2A.5 User Driven Data Mining, Visualization and Decision Making for NOAA Observing System and Data Investments

Matthew Austin (NESDIS/OPPA/TPIO)

Sabrina Taijeron (NESDIS TPIO), Lauraleen O'Connor, Brant Priest (NESDIS TPIO), Adam Neiss (NESDIS TPIO), Rohit Arora (NESDIS TPIO)

The National Oceanic and Atmospheric Administration (NOAA) observing system enterprise represents a $2.4B annual investment. Earth observations from these systems are foundational to NOAA's mission to describe, understand, and predict the Earth's environment. NOAA's decision makers are charged with managing this complex portfolio of observing systems to serve the national interest effectively and efficiently.

The Technology Planning & Integration for Observation (TPIO) Office currently maintains an observing system portfolio for NOAA's validated user observation requirements, observing capabilities, and resulting data products and services. TPIO performs data analytics to provide NOAA leadership business case recommendations for making sound budgetary decisions.

Over the last year, TPIO has moved from massive spreadsheets to intuitive dashboards that enable Federal agencies as well as the general public the ability to explore user observation requirements and environmental observing systems that monitor and predict changes in the environment. This change has led to an organizational data management shift to analytics and visualizations by allowing analysts more time to focus on understanding the data, discovering insights, and effectively communicating the information to decision makers. Moving forward, the next step is to facilitate a cultural change toward self-serve data sharing across NOAA, other Federal agencies, and the public using intuitive data visualizations that answer relevant business questions for users of NOAA’s Observing System Enterprise. Users and producers of environmental data will become aware of the need for enhancing communication to simplify information exchange to achieve multipurpose goals across a variety of disciplines. NOAA cannot achieve its goal of producing environmental intelligence without data that can be shared by multiple user communities.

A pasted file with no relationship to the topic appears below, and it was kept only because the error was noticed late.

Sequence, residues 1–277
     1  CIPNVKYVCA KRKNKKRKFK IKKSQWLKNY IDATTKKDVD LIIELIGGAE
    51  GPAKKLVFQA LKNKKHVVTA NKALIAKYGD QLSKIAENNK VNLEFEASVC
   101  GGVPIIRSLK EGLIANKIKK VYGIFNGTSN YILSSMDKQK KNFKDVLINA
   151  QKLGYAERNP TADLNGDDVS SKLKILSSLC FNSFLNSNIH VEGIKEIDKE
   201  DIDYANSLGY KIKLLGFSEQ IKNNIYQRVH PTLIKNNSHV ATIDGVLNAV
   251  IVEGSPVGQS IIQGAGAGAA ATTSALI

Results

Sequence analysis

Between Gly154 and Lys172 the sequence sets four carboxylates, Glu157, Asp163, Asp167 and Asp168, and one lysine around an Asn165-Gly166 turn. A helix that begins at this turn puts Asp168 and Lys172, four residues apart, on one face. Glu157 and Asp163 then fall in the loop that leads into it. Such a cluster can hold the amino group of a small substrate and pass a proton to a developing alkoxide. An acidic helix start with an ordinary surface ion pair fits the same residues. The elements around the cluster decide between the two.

This presentation will describe where we are on this journey and will provide examples of these visualizations, promoting a better understanding of NOAA’s environmental sensing capabilities that enable improved communication to decision makers in an effective and intuitive manner.

2A.6 Using Environmental Big Data to Improve Outcomes

Michelle Lapinski (The Earth Genome/VP)